CARNETS DESCARTES

Drug safety 2.0

(Version française)

How long will we live without using available early warning signals from the Internet, particularly when it involves health care quality and safety?

Last February the 13th, a controversy raged, well summarized in Nature by Declan Butler (free of access, in English), regarding influenza surveillance through Google Flu Trends.  This year indeed, Google Flu Trends seem to have led health authorities from New York City to overestimate the winter epidemic wave. However, Dr Finelli said: “I’m in charge of flu surveillance in the United States and I look at Google Flu Trends and Flu Near You all the time, in addition to looking at US-supported surveillance systems. I want to see what’s happening and if there is something that we are missing, or whether there is a signal represented somewhat differently in one of these other systems that I could learn from.”

It is no question to say that existing epidemiologic tools are obsolete today, nor to foresee that they will be soon substituted by the Internet. What seems to me important to note is to realize that people in charge of epidemiologic surveillance in her/his country need to be trained in using social networks (the above mentioned paper on Nature refered to a study using Twitter for flu surveillance, conducted by researchers from Johns Hopkins). Public health professionals now need to acquire competencies in analysing data from search engines on the Web (Both Google and Yahoo have proved effective in this domain). More generally, public health professionnals must have skills in Big Data, characterized by their volume, variety, velocity and value, which means it is not a trivial game to analyse and interpret them. This includes database on drug consumption (i.e. data brokers such as IMS-Health or Celtipharm in France), as well as huge databases produceds by HMOs, and health care for billing purposes, providing they are available for research activities.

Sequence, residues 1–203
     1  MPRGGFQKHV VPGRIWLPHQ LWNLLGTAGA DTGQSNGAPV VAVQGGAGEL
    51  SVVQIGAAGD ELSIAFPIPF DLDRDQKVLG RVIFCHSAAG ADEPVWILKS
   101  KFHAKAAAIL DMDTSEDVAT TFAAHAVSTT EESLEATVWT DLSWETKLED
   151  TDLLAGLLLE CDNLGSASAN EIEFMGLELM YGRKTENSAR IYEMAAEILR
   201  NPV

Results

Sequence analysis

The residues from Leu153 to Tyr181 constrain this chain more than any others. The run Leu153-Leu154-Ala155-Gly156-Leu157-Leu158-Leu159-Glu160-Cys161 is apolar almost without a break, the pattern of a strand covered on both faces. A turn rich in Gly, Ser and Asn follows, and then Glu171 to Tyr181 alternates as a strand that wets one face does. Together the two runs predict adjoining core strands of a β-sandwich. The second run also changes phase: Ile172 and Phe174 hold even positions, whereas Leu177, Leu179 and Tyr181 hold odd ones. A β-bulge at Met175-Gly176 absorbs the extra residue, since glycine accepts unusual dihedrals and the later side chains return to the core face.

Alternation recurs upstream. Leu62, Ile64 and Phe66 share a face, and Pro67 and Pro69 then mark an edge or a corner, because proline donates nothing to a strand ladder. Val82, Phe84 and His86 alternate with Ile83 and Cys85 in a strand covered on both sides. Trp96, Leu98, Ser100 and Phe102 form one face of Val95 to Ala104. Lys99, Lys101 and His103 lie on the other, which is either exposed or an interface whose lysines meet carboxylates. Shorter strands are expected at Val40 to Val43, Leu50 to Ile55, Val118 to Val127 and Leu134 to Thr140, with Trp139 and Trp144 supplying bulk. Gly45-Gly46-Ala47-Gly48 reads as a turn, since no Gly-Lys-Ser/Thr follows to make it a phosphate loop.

In the last online published issue of JAMIA (restricted access but the abstract, in English), a paper extend Google Flu Trends philosophy to drug safety.This paper acts as a proof for concept. Authors extracted a test case from the US FDA adverse event system (AERS), using data-mining algorithm. That was an interaction between paroxetin (an anti-depressant) and pravastatin (a cholesterol-lowering drug) reported to create hyperglycemia in 2011. This finding was confirmed in a retrospective analysis from electronic health records and in a mouse model. Authors analyzed the search logs of 6 million of consenting web users who opted to share search activities via the installation of a browser add-on, spanning a 12 month period in 2010, used to track anonymously 82 million drug, symptom and condition queries that users perform over time. We can say authors simulated (in 2012) a prediction their method had produced in analysing 2010 data, without the knowledge of this drug interaction (only known in 2011). On these conditions, internet search logs they worked on were unbiased.